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Pop Rocks: The Five Most Racist-Inducing Moments of Super Bowl XLVIII

Richard Sherman was hurt, but some fans called it karma.
Richard Sherman was hurt, but some fans called it karma.

The Super Bowl is a strange spectacle. At its core is the game, played between the NFL's elite teams in a winner-take-all match for the title. But the circus that has grown up around the world's most watched sporting event rivals anything Barnum and or Bailey could have dreamed up. From the hours-long pregame show complete with bands and actors hocking movies (I'm looking at you, Costner) to the extended halftime, the commercials and the post game analysis paralysis, it barely even resembles a football game except when guys in pads are hitting one another.

With the increased visibility, social media goes crazy. And when even the slightest controversy -- real or imagined -- rears its head, you can bet the denizens of Twitter will be over it like white on rice. In particular, those with jingoist or racially biased tendencies (some not just tendencies) come out of the woodwork. During Sunday's Super Bowl, there were five moments that seemed particularly race baiting even if they weren't in reality.

5. Bruno Mars

No surprise here. When Mars, a native of Hawaii, took the stage and ripped it up with his band, it was predicable that there would be racist tweets hurled at the pop star. But, when the Chili Peppers joined him, it got worse. Fans of the RHCP began clamoring for more of their favorites and less of Mars. Unfortunately, many of those online responses turned into name calling and Mars's skin color was the primary target.

4. Russell Wilson Reverse Racism

Here's one I wasn't expecting. When the Seahawks did win, there were quite a significant number of tweets referring to their quarterback as an Uncle Tom, though they chose far more colorful language than I. This seemed to be fueled, at least in part, by those who felt that Wilson "wasn't black enough," especially when compared to his teammate, Richard Sherman, who was blasted just two weeks earlier for his postgame tirade.

 

3. Cheerios Mixed-Race Ad

The Cheerios ad featuring a mixed-race family has been around since early 2013, but once again, it brought the hate on Super Bowl Sunday. The ad, featuring an adorable little girl, her black father and white mother seemed to drive people as crazy as it did last year with many claiming Cheerios was trying to ram diversity down our throats. I assumed they were just trying to ram Cheerios down there, but what do I know?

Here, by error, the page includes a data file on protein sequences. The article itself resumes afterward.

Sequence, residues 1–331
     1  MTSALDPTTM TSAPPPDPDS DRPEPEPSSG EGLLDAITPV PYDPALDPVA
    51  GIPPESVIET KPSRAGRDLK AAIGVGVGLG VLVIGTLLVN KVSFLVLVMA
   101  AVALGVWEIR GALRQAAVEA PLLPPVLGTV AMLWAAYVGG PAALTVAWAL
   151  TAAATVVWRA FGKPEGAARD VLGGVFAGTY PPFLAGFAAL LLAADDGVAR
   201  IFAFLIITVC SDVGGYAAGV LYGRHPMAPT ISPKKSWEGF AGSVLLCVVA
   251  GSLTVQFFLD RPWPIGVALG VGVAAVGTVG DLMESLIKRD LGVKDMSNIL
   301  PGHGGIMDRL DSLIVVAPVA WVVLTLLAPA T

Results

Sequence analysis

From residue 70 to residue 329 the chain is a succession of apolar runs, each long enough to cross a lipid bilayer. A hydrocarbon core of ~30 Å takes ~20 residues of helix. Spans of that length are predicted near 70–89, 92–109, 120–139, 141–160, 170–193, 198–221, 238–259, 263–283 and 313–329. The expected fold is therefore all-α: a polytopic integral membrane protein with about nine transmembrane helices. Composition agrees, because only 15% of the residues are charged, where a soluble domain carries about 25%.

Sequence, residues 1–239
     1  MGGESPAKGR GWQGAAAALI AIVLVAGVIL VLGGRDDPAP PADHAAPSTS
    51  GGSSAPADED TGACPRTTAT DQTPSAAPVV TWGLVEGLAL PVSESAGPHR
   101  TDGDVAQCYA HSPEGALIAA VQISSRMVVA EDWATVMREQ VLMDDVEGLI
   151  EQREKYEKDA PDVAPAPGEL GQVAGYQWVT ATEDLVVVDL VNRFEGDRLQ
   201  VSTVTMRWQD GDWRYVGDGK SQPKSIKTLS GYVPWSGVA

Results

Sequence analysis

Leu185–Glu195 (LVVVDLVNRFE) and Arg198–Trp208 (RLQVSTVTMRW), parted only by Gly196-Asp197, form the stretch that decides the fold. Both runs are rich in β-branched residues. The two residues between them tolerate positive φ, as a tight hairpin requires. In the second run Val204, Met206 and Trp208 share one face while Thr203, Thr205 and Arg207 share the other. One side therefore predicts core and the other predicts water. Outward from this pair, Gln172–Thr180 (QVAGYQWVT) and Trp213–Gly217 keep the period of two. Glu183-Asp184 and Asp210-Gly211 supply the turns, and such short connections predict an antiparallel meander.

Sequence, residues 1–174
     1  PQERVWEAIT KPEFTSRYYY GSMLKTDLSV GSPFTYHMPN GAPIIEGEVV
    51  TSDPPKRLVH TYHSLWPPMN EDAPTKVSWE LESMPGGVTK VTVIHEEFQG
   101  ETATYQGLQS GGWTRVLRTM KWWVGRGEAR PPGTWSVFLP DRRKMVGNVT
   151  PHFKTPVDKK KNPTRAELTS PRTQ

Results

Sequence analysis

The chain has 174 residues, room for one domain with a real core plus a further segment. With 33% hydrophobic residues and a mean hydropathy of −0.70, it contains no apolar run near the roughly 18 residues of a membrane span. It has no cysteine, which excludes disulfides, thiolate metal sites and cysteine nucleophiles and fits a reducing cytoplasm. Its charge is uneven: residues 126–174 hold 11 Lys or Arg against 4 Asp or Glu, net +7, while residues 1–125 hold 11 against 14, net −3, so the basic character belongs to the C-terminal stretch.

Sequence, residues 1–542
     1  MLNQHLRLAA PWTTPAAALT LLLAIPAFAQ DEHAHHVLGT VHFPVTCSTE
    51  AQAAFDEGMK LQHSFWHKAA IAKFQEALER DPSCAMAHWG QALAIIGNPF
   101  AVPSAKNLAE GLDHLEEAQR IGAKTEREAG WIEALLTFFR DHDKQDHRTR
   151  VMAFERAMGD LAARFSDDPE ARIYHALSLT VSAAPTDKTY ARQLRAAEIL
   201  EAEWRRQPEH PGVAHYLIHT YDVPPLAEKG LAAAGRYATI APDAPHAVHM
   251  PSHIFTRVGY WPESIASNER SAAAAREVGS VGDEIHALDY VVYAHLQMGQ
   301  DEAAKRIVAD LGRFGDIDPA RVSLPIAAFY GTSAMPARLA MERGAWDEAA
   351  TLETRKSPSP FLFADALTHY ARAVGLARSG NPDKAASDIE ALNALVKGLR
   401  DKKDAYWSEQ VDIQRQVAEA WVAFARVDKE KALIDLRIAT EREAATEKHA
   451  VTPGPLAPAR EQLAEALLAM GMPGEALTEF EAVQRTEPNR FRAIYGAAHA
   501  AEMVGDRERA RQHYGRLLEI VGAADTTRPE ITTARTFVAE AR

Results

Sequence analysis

2. Richard Sherman Wheeled Away

When Sherman was injured late in the game and had to be wheeled out on a cart, initial questions came in as to whether this was a real injury or just a way to keep him away from the cameras when the game ended. Turns out he was really hurt and the avalanche of tweets claiming it was karma for his controversial postgame interview after the NFC Championship came pouring down. Of course, if it were truly karma, he wouldn't have won the Super Bowl, but...

1. Coke's Multi-Lingual "America the Beautiful" Ad

The first thing I said to the group of people I was watching the game with was, "This is going to piss a lot of people off." Coke, always a little on the hippie side with its ads over the years despite its occasionally brutal corporate practices (never mind the mass quantities of sugar in its beverages). The "I'd like to buy the world a Coke" Christmas ad that became one of the most popular of all time. But, in this ad, they attempted to show the diversity of America with people singing "America the Beautiful" in various languages instead of just holding hands. Naturally, rage ensued.


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